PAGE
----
Torah Fax

Friday, March 3, 2006 - 3 Adar, 5766

Torah Reading: Terumah (Exodus  25:1 - 27:19)
Candle Lighting Time:  5:31 PM
Shabbat Ends: 6:32 PM
Go South Young Man
The Mishkan, the portable Temple built by Moses in the desert that we read about in this week's Parshah, contained several key objects. In addition to the ark that contained the tablets, the Mishkan also contained a Menorah, which was lit every day of the year, a Golden Table that contained the twelve showbreads and an incense altar.
Every detail that related to the Temple was obviously significant. In this vein, the Talmud notes the importance of the specific locations that these objects occupied in the Mishkan. The Menorah, which symbolizes enlightenment and wisdom and was to be placed on the south of the sanctuary, suggests that wisdom is connected with the south. The Table, with its showbread, symbolizes material wealth and prosperity and was placed on the north side of the Mishkan. The Talmud thus suggests that wealth is connected with the north.
The Talmud therefore declares: "One who wishes to become wise should face south (when praying the Shemoneh Esrei, the daily silent prayer) and one who wishes to become wealthy should face north. (Though one should face east, toward Jerusalem, when praying, the Talmud explains that one who wishes to become either rich or wise can turn slightly to one of these two directions, while still basically facing east.)
A number of questions may be asked. Firstly, why does G‑d's blessing of wealth or wisdom depend on facing a specific physical direction? And why is the north connected with wealth and the south connected with wisdom?
The further north we go, from the perspective of Israel, the colder it gets because less of the earth's sunlight reaches the earth. Indeed, the Hebrew word for north is Tzafon, which means "hidden," indicating that the sun is hidden.
Conversely, the further south one goes, towards the equator, the hotter it becomes because the sun shines more brightly and strongly there.
The Psalmist tells us that the brightness and warmth of the sun represent the openness and radiance of the Divine presence. (See Psalm 84:12, "For a sun and a sheath is G‑d.") The north and south therefore are representative of the concealment and revelation (respectively) of the Divine presence.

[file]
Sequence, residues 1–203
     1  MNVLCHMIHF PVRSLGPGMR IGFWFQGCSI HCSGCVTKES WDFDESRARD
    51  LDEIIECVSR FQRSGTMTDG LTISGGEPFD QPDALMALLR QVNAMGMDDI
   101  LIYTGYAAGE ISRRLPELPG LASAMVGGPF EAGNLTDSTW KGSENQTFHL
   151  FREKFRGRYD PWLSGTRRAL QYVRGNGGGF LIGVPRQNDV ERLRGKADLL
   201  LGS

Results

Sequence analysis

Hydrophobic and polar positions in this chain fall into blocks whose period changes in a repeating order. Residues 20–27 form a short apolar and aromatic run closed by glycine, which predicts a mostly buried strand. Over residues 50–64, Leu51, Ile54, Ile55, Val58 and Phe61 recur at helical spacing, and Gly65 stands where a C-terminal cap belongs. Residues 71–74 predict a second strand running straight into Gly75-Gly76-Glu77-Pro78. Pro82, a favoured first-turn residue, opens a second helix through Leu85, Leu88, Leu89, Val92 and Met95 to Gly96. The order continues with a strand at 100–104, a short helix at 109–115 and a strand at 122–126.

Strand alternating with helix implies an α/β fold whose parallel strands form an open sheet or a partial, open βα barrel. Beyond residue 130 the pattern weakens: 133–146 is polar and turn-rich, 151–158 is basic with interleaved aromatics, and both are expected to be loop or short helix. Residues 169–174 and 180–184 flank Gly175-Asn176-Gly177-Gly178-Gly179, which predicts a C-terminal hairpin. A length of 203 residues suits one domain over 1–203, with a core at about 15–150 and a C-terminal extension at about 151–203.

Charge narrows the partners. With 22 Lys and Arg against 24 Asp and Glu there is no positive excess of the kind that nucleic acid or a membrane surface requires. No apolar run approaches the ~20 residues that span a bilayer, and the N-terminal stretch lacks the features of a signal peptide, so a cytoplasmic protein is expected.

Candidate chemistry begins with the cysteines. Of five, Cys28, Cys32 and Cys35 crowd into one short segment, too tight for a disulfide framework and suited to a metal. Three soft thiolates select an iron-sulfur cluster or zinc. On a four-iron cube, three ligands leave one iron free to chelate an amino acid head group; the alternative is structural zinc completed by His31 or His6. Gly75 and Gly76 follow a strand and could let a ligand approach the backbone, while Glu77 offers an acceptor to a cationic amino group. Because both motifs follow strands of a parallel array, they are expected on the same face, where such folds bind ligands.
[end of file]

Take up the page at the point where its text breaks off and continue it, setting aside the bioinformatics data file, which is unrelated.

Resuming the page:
When one wants true wisdom, he must direct his prayers to the south, meaning toward divine inspiration. True wisdom is not merely a collection of knowledge but a means of understanding and coming closer to G‑d. By facing south, a person shows that he desires to acquire G‑dly knowledge and he wants to get closer to G‑d.
When one wants wealth, meaning when he is obsessed with material needs, he faces north. He shows that he is not interested in developing a relationship with G‑d, and, in fact, he is quite "cold" to the notion of spiritual growth.
But the Talmud continues: "Rabbi Yehoshua Ben Levi says: A person should always face the south, because as a result of acquiring wisdom, one will also become rich."
The suggestion here is that wealth is not intrinsically evil and that the desire for riches is not always an unG‑dly pursuit. By facing south and showing a desire for holiness, one can also merit to be given material wealth. After all, wealth - just like everything in creation - can and must be used in the service of G‑d. And by facing south while praying - showing a keen interest and craving for the divine - one demonstrates that he is a perfect candidate to receive wealth from G- d with the intention of utilizing it for G‑dly purposes.
Rabbi Yehoshua Ben Levi wishes to tell us that materialism and spirituality should not be viewed as mutually exclusive worlds. Any perceived dichotomy between the material and the G‑dly is merely superficial. It is our job to "face south" and see the G‑dliness in the physical.
For this reason, when Moshiach comes, Maimonides tells us, there will be an abundance of material goods and riches. We will not have to shun materialism in the Messianic Age like some reclusive hermits, rather, we will see the holiness in everything, including the material and the mundane. "In that time there will be no hunger… and the delights will be as plentiful as the dust of the earth… and the exclusive preoccupation of the entire world will be to know G‑d" (Mishneh Torah, Laws of Moshiach, end of chap. 12).

Moshiach Matters
The prophet tells us that “Just as in the days of your going out of Egypt, I will show you miracles.” This includes the fact that as the Jews left Egypt they were given riches, gold and jewels by the Egyptians. Similarly now, as we prepare to go out of exile together with Moshiach, every Jew deserves to be rich, and  G‑d certainly blesses each of us to become wealthy. Therefore, we should strive to become rich spiritually, with many Mitzvos - and we should also strive to be wealthy on a material level. (The Rebbe, Shabbat Trumah, 1992)

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